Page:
It does amuse me that I am turning into a gardener since I’ve always had a brown thumb. It must be the right time in my life for such a new pursuit. A garden is never truly finished and perfected, but is an ongoing work in progress. So too, it seems, is a gardener.

I started this post talking about weeds, and I will finish the same way. We’re not expecting any more rain for a while (in fact, we’re back to fire weather watch), so tomorrow the ground should be dry enough on the surface to make it a good time to pull weeds. I just hope I don’t pull non-weeds in the process. But if I did, would I even know?


Pat Bertram is the author of intriguing fiction and insightful works of grief.

Ah, Procrastination!

Sometimes procrastination is a good thing. In this part of the country, gardeners are cautioned not to plant before May fifth because that is traditionally the last freeze. This year, I’ve been watching the forecast, and the low temperatures for the coming day were nowhere freezing, so I’d been planning to start sowing seeds in my garden and perhaps even setting out some bedding plants. But I procrastinated. With all the wind we’ve been having, I didn’t feel like spending any more time outside than I had to.

My procrastination turned out to be a good thing because tonight it will be getting below thirty. I doubt it will remain that low for very long, so perhaps the plants that are coming up will be okay. Luckily, I didn’t spend time and money on plants that have no chance to make it through this freeze. By the time I have a chance to do the planting I want to do, we should be long past the chance of a frosty night.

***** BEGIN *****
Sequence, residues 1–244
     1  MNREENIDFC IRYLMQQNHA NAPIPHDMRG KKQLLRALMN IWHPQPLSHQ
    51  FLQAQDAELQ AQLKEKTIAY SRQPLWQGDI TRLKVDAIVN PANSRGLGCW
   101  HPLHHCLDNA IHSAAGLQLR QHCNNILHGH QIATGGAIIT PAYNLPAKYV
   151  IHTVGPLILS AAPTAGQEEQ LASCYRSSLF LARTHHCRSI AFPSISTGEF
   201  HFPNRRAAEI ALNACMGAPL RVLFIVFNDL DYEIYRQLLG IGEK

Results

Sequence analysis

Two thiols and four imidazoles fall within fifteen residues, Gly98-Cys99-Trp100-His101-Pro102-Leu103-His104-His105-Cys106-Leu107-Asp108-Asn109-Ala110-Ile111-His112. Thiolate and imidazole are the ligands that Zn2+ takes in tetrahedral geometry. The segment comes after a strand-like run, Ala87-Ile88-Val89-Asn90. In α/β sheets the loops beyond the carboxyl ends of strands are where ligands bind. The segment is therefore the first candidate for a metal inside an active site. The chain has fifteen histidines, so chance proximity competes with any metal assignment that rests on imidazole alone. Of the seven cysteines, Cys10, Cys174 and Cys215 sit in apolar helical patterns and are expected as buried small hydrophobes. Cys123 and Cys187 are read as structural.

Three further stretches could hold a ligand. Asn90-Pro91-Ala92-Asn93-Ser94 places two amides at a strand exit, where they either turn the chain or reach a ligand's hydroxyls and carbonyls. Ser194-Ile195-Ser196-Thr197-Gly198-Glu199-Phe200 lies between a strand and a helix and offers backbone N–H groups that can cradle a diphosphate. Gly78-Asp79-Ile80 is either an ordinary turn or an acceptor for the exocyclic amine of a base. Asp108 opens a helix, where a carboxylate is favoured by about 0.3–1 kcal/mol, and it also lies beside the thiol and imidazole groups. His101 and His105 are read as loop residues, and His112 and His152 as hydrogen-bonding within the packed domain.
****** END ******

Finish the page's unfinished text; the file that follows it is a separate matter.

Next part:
One thing I did put off that maybe I shouldn’t have, was mowing my lawn. A neighbor wanted my grass clippings, and since he was supposed to come this past Saturday to mow the lawn to get the clippings, I let the grass grow a little longer. When the grass is that long, it cuts unevenly because the lawnmower tires mat down the grass as it moves along, and the grass doesn’t immediately spring back as it does when it is shorter.

Anyway, he never showed up, not to mow and not to tell me he changed his mind. So I did it myself. That poor lawn! It looks as if it has a Mohawk haircut in spots. So now I know — I have to mow every week without procrastination.

Another time procrastination turned out to be a good thing was when it came to weeding. I have a hard time telling the difference between larkspur and the wild mustard weed when the seedlings are small, so I’ve been letting the mustard get a bit taller than I would like. Good thing. Some of what I thought was mustard turns out, with a bit of online research, to be the California poppy seeds I strewed around last fall.

Continuing the procrastination theme: a few days ago, was gifted with a gardening journal. The journal begins with January, and since this is already May, starting it now doesn’t feel right. But I’m not sure I want to wait until next January to start, either. I did come up with a solution — I’ve talked about gardening enough on this blog during the first four months of the year, that I can copy some of those blog entries into the journal.